Whilst there is a class of feelings in pathy which extends as a universal printhe mind of man whose tendency is to ciple among all classes of men, frequently separate the human family into frag- / expends itself in a sigh, and contents ments, and to render each one forgetful itself with the contribution of a tear; of the joys and sorrows, the duties and but that which is demanded of Christians difficulties of others, the sentiment or in reference to “men that have hazarded principle of sympathy serves, in some their lives for the name of our Lord measure, to counteract this tendency, Jesus Christ,” must be distinguished by and to bind mankind together in the a living and practical activity. And exercise of mutual charity and good hence, whilst many, under the mere will. All men have more or less felt impulse of a common sympathy, may the power, and witnessed the effects, of shed the tear of pity, and experience this principle. It is scarcely possible, emotions of wonder and admiration indeed, without doing violence to our when they read of the privations, the common humanity, to conceive a man fortitude, the zeal, and the self-devotion so cold, or so petrified by selfishness, of the Christian Missionary, but do that he feels no emotion of sympathy nothing practical to aid bim in his when the tale of distress is unfolded, work,tho professed disciples of Christ and the weeping victim of misfortune are called upon to cherish towards those or oppression stands before him; and devoted men who have gone forth to when prosperity crowns the efforts of heathen lands to preach the gospel, not the diligent, and the sunshine of happi- merely feelings of compassion or adness surrounds the generous.
miration, which expend themselves in But whilst feelings of sympathy do, words, but a robust and deep-seated to a certain 'extent, lead all men to sympathy, that will embody itself in " rejoice with them that do rejoice, and earnest prayer and substantial effort. weep with them that weep,” Christians The man who quits his native land, are summoned to the highest exercise forsakes his kindred and friends, ana of such feelings in reference to those encounters perils by sea and land, that who, in the spirit of self-sacrifice and he may preach the gospel to the peholy zeal, have devoted themselves, for rishing heathen, possesses the highest tbe sake of Christ, to duties which are claims to a share in our best and holiest arduous, difficult, or dangerous. Thesym- sympathy. He deserves to be an object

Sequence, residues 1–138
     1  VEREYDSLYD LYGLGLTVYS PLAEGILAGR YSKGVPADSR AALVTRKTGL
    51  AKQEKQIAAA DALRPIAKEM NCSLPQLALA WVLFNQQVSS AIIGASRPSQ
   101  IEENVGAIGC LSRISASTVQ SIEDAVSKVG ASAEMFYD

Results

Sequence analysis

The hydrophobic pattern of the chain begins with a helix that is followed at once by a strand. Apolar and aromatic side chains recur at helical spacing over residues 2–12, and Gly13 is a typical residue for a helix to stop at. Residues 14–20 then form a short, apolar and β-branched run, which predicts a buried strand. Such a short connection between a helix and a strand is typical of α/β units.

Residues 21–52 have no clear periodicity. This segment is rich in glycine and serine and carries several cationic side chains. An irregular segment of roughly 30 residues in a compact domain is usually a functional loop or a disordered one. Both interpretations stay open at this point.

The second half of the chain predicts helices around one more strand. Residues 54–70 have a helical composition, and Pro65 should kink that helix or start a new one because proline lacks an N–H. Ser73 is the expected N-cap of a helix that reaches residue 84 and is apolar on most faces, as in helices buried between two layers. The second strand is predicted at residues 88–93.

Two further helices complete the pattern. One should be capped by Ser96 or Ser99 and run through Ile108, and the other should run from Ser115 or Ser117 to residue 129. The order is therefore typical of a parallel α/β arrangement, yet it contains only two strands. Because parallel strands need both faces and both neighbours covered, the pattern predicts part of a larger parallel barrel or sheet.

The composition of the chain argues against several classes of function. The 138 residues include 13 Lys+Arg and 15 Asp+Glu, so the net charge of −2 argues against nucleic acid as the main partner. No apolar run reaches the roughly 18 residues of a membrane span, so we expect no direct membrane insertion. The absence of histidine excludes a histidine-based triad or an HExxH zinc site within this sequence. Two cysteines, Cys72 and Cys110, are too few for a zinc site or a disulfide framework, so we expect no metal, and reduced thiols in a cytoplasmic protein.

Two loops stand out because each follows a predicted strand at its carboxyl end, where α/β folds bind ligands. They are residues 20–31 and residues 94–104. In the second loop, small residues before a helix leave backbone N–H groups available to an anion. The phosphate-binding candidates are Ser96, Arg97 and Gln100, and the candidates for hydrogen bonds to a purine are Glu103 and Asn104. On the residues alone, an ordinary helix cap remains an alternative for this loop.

of warmest feeling and distinctest our common nature, is moved by the remembrance with all who profess to presence of a man who forsakes his admire what is great, to love what is kindred and his home, not that he may disinterested, and to support what is gather riches, or aggrandize himself, good. But we cannot help fearing that but that he may “turn men from darkthis is not the case with multitudes in ness to light, and from the power of reference to the Christian Missionary Satan unto God.” He is looked upon If he is not altogether forgotten, he is with that interest which is uniformly not, it is to be feared, remembered with kindled by the sight of what is speedily that intense sympathy which is ani- to pass away, blended with emotions of mated and sustained by the principle of admiring wonder at the decision and love, and shown to be practical by the moral power that can subordinate all frequency of its exercise, and the abund. the softer feelings of our nature, toance of its fruits. He is, in too many gether with every desire of ease and instances, permitted to slide from our indulgence, to the demands of disinremembrance, and to lose that place interested compassion and holy enterour sympathies and prayers which prise. But it cannot be concealed that, peculiarly belongs to him. Distance notwithstanding the deep feeling and and lapse of time tend to throw an ob- admiring wonder of which the Christian scuring haze around him, and to strip Missionary is the object, when standing him of much of the interest and moral immediately before us, and appealing dignity which surrounded him at the directly to our sensibilities, his claims time when he parted from kindred and upon the living, active, practical symcountry, to go "far hence unto the pathy of his brethren and the churches Gentiles.” Besides, the duties and of our land are oftentimes overlooked claims connected with persons and and forgotten, when he has passed away things which appeal directly to us, and to the field of his labours, and the scene press immediately upon our notice, are of his conflicts and sufferings. The permitted oftentimes so entirely to en- departure of many a devoted Missionary gross the attention, and absorb the to the field of his future labours, has sympathies, that the distant but impera- not unfrequently a melancholy resemtive claims of the Christian Missionary blance to the casting of a stone into a are in danger of being overlooked and glassy, slumbering lake. The stone, as forgotten. He may be called upon to it falls, produces a transient stirring of struggle with difficulties-he may have the tranquil elcment, but the waters to encounter privations, or may sink speedily close in stillness over it, and unattended and alone amid the ravages that which ruffled their surface is for of disease, but this is unknown to the mul- gotten. In like manner the departure titude; and, hence, sympathy is permitted of the Christian Missionary to some to slumber when it might be intense in distant clime may awaken admiration, its exercise, and abundant in its fruits. and kindle sympathy; but too frequently,